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Environmental Factor

January 2011

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Guest lecture underscores environmental links to autism

By Thaddeus Schug
January 2011

Irva Hertz-Picciotto, Ph.D.

Hertz-Picciotto called for more research into the environmental causes of autism. In addition to the CHARGE Study, she and colleagues at UCD are participating in the NIEHS-sponsored Early Autism Risk Longitudinal Investigation (EARLI) and the Markers for Autism Risk in Babies - Learning Early Signs (MARBLES) programs. (Photo courtesy of Steve McCaw)

Stephanie London, M.D., Dr.P.H., Matthew Longnecker, M.D., Sc.D., and Windy Boyd, Ph.D.

Shown, left to right, NIEHS intramural program scientists Stephanie London, M.D., Dr.P.H., Matthew Longnecker, M.D., Sc.D., and Windy Boyd, Ph.D., listened attentively during the seminar. (Photo courtesy of Steve McCaw)

Jean Harry, Ph.D.

NIEHS toxicologist Jean Harry, Ph.D., whose research involves toxic exposure to the brain and nervous system, questioned Hertz-Picciotto about her studies involving mercury exposure and autism risks. (Photo courtesy of Steve McCaw)

Cindy Lawler, Ph.D., left, and colleague Kim Gray, Ph.D.

Lecture host Cindy Lawler, Ph.D., left, and colleague Kim Gray, Ph.D., have both overseen grants supporting Hertz-Picciotto's research. (Photo courtesy of Steve McCaw)

Environmental factors are likely among several contributors to the rapid rise in new cases of autism seen in California and throughout the nation, according to guest lecturer Irva Hertz-Picciotto, Ph.D., an epidemiologist and NIEHS grantee ( at the University of California (UC), Davis.

Hertz-Picciotto ( Exit NIEHS reported these findings Dec. 6 in a seminar titled, "An Update on Environment and Autism: Findings from the CHARGE [Childhood Autism Risks from Genetics and Environment] Study," as part of the Keystone Science Lecture Seminar Series at NIEHS. Hertz-Picciotto is chief of the division of environmental and occupational health at UC Davis, and principal investigator of the NIEHS-funded study.

The combination of changes in diagnostic criteria, increased parental awareness, and environmental risk factors, has led to an eight-fold increase in cases of autism in the past ten years, she explained.

Gene and environment interaction

The NIEHS-funded CHARGE Study began in 2003 as one of the projects in the UC Davis Center for Children's Environmental Health and Disease Prevention. The study has examined 1,400 children with differing patterns of development. The goal of the program is to better understand the causes and contributing factors for autism or developmental delay.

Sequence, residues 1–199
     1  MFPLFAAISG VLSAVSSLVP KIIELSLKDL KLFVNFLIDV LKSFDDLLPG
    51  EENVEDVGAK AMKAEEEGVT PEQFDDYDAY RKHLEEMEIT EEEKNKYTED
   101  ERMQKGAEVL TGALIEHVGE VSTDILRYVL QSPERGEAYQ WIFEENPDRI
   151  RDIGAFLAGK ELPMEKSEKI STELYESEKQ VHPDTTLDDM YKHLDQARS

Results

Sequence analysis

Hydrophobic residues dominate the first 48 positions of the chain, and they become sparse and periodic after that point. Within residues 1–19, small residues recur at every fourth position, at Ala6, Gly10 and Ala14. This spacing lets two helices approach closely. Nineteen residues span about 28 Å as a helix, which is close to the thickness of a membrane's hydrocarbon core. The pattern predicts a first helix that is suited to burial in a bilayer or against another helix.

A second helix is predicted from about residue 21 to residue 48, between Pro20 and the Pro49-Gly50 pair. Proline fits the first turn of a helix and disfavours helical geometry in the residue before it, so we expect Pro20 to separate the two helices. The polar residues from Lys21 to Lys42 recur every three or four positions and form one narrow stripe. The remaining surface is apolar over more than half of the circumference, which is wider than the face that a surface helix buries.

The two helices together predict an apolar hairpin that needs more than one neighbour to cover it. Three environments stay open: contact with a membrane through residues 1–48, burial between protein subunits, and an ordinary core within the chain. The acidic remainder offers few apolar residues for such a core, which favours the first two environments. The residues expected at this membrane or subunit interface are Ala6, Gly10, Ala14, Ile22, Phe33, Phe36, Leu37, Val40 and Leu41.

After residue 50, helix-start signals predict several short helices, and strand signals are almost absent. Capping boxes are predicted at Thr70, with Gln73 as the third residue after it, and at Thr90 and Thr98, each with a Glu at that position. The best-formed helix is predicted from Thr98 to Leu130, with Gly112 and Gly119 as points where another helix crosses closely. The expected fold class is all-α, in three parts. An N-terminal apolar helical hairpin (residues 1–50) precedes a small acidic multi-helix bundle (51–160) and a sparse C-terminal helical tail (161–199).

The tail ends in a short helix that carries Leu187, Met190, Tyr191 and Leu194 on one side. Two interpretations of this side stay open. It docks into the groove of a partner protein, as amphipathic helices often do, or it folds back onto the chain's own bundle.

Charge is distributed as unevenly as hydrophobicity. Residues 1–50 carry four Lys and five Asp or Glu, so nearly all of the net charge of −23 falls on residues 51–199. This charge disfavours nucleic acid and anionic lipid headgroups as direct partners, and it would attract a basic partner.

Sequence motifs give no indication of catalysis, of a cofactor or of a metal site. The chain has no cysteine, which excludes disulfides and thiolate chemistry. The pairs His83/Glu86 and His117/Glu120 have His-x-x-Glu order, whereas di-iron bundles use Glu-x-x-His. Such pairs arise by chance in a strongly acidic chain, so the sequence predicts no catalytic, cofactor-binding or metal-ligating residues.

Three groups of children are currently enrolled in the CHARGE study: children with autism, children with developmental delay who do not have autism, and children from the general population. All of them are evaluated for a broad array of exposures and genetic susceptibilities.

Many researchers believe the continuous increase in autism cases over the last decade can be explained solely by artifacts, such as the recent broadening of the diagnostic criteria. "These artifacts do explain part of the rise in autism cases, but they don't account for the majority of the trends we are witnessing," said Hertz-Picciotto.

Hertz-Picciotto explained that evidence gathered from studies of monozygotic (identical) twins and the rubella epidemic in the late 1960's revealed that congenital exposure is associated with incidence rates of autism. "Environmental factors are not limited to just chemical exposure. We need to account for the physical, social, and developmental world of children," added Hertz-Picciotto.

The complexities of autism

"It is becoming more and more evident that multiple environmental and genetic factors contribute to elevated risks of autism, and the challenge is identifying these associations," said Hertz-Picciotto. "I don't believe that just one gene or one exposure can account for all cases of autism - it is much more complicated than that," she noted (see related story (

"The CHARGE study was designed to cast a very broad net to try to capture potential gene-environmental factors associated with the risks of autism," said Hertz-Picciotto. She pointed to a case in which her group examined the autism rates associated with maternal supplementation and genes associated with one carbon metabolism. "What we found was that children with certain genetic polymorphisms, born to mothers who supplemented their diet with folic acid, had much lower incidences of autism."

Hertz-Picciotto concluded the seminar saying, "A lot has changed in the environment over the last 10 to 15 years, especially our exposure to chemicals in our food and in our homes." She pointed out that dozens of chemicals in the environment are neurodevelopmental toxins, which means they alter how the brain grows. "Mercury, polychlorinated biphenyls, lead, brominated flame retardants, and pesticides are just a few potential culprits that we need to study in more detail," she added.

"Irva's work illustrates the enormous complexities and challenges found in autism research," said Cindy Lawler, Ph.D., a program administrator in the NIEHS Division of Extramural Research and Training, and organizer of the lecture. Lawler added, "Clearly, more and more evidence is emerging that implicates the role of gene-environment interactions in the etiology of autism."

(Thaddeus Schug, Ph.D., is a postdoctoral research fellow in the NIEHS Laboratory of Signal Transduction and a regular contributor to the Environmental Factor. He is currently on detail as a program analyst in the NIEHS Division of Extramural Research and Training.)

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